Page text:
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It took a while, but LinkedIn has finally updated and improved its Android and iOS mobile applications. Admittedly, the hugely popular professional social networking site took a long time to arrive on Android. While iOS had the app back in August 2008, it took until last year for a beta version to hit Android, and the full, official release earlier this year.
The new update has revealed an app completely rewritten from the ground up, increasing both its speed and simplicity. This is a big deal. After all, LinkedIn seems like the perfect app to have access to on a mobile device in a professional networking situation, so I’m kind of surprised it took them this long to make such notable improvements.
What got better?
According to Chad Whitney on the LinkedIn blog, the app is “between two and ten times faster across all features, ranging from search to reading your update stream.” There are a number of notable areas where things have been reorganized and improved including better, more visible updates, easier viewing of your inbox, better access to contacts and the ability to view and interact with Groups, “the #1 most-requested feature from our members,” according to Whitney.
Having taken the app for a spin myself, it’s definitely improved. It feels snappier, less clunky, and it mirrors the website content better. Previous incarnations of the app felt like a stripped-down experience which missed out on many important features. Now, a lot more of what you use on the website is available within the Android app.
Still some way to go
But there are still a few things missing. I can’t edit/update my profile directly through the app, and though I can see my inbox of messages, I can’t view the ones I’ve sent or archived. It runs a little sluggishly on older devices (there have been a few complaints about this in the Android Market reviews, but take those with as large a pinch of salt as you wish), and the app is unable to be moved to your SD card, a feature many people like to use (though this issue may be unique to my device and version of Android).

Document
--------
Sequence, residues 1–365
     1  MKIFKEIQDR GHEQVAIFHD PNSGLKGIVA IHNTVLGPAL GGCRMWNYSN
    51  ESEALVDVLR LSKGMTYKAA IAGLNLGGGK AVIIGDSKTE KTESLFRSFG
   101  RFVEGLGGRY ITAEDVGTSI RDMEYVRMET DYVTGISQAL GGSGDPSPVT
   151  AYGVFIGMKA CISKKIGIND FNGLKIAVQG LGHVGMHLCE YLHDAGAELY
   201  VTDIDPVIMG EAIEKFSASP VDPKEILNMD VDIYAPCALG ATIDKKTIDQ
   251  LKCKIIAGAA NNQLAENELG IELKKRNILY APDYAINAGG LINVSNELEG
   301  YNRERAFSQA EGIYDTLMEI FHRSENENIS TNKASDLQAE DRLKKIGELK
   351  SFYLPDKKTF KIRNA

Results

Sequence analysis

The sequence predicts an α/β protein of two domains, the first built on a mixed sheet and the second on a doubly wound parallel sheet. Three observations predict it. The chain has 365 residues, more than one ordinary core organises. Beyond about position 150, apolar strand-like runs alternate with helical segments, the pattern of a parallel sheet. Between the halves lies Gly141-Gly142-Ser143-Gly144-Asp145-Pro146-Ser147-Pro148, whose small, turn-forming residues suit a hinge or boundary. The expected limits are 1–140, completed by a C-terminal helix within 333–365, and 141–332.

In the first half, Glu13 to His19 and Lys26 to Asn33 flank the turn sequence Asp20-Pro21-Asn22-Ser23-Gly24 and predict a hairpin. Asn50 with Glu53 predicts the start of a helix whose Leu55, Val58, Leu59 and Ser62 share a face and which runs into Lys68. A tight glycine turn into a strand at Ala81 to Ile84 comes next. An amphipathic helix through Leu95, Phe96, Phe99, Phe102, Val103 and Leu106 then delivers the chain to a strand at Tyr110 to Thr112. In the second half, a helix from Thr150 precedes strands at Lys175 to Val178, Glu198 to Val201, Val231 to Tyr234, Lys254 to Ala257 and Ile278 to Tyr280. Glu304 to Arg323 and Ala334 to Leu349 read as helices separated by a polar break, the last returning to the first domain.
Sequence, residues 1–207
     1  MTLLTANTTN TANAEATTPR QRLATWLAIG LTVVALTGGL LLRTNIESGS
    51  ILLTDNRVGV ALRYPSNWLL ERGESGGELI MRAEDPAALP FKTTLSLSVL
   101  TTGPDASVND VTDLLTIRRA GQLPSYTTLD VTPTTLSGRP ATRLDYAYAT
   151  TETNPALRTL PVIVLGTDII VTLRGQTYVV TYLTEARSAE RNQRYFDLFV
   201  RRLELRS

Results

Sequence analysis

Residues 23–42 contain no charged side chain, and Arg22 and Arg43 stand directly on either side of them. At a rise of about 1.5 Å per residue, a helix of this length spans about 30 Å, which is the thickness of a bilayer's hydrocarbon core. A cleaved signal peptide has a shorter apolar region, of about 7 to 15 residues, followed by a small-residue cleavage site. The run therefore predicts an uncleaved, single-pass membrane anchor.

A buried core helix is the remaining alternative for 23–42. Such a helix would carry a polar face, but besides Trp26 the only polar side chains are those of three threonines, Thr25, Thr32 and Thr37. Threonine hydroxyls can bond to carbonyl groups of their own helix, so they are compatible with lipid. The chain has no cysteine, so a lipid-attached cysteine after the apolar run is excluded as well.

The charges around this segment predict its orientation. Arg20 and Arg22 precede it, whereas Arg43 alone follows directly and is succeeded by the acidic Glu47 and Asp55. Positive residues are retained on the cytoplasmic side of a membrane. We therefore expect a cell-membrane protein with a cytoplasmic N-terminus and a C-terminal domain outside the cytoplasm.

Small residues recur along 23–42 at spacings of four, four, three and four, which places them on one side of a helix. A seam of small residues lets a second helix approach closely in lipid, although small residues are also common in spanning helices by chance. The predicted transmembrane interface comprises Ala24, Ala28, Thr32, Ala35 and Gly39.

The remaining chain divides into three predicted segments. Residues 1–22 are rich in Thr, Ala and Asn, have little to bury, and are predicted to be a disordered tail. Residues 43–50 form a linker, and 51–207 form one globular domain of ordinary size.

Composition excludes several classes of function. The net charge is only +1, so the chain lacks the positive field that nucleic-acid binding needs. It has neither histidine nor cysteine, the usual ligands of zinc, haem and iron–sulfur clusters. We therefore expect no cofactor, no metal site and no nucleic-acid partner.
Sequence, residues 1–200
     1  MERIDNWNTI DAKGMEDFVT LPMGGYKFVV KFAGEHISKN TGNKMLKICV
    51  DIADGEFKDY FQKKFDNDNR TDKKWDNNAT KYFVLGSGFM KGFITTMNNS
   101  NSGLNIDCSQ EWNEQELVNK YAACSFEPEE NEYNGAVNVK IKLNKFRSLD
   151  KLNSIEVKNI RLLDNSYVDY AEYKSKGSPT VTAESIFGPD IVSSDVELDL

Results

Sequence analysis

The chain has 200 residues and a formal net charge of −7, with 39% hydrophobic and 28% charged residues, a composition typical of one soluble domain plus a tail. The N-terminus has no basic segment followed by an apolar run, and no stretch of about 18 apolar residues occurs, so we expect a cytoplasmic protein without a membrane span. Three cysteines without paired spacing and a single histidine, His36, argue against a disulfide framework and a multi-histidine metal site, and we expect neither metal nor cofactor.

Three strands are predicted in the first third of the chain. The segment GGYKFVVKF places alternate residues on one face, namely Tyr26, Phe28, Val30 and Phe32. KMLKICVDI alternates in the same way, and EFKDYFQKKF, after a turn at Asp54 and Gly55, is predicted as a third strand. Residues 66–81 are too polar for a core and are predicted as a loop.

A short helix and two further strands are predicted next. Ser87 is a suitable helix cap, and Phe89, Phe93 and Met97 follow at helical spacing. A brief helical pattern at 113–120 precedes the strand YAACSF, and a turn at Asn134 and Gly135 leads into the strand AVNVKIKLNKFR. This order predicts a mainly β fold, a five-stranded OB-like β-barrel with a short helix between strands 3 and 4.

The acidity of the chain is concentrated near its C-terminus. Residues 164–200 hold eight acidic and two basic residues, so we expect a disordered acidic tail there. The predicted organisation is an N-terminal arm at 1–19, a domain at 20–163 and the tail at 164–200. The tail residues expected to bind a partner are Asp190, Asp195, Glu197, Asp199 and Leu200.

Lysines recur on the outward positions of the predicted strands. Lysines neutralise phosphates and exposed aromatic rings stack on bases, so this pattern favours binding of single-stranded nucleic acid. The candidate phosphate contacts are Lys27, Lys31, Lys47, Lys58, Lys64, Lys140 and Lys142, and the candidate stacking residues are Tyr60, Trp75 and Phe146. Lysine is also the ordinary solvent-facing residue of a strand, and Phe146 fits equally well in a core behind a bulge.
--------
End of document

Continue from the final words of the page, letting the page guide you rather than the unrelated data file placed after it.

However, all is not lost, because the folks at LinkedIn were smart enough to revamp their mobile site to take advantage of the all the fun wizardry that is HTML5. Accessible at touch.linkedin.com on your Android (or iPhone) browser, LinkedIn is encouraging its users to try the new site out and offer feedback. I excitedly navigated to the new URL expecting a full-on LinkedIn experience but was a tad disappointed in what I found. It’s pretty much identical in appearance to the app, offering the same exact features and similar limitations as we’ve outlined above.
So, LinkedIn have definitely taken a step in the right direction with its new Android app. While it’s most certainly a useful one to keep in your pocket, you’re still going to need to pull up the site on your laptop or desktop computer (or simply browse the non-mobile version on your phone/tablet) to really tweak everything in your profile, or to access the deep functionality that the LinkedIn website offers.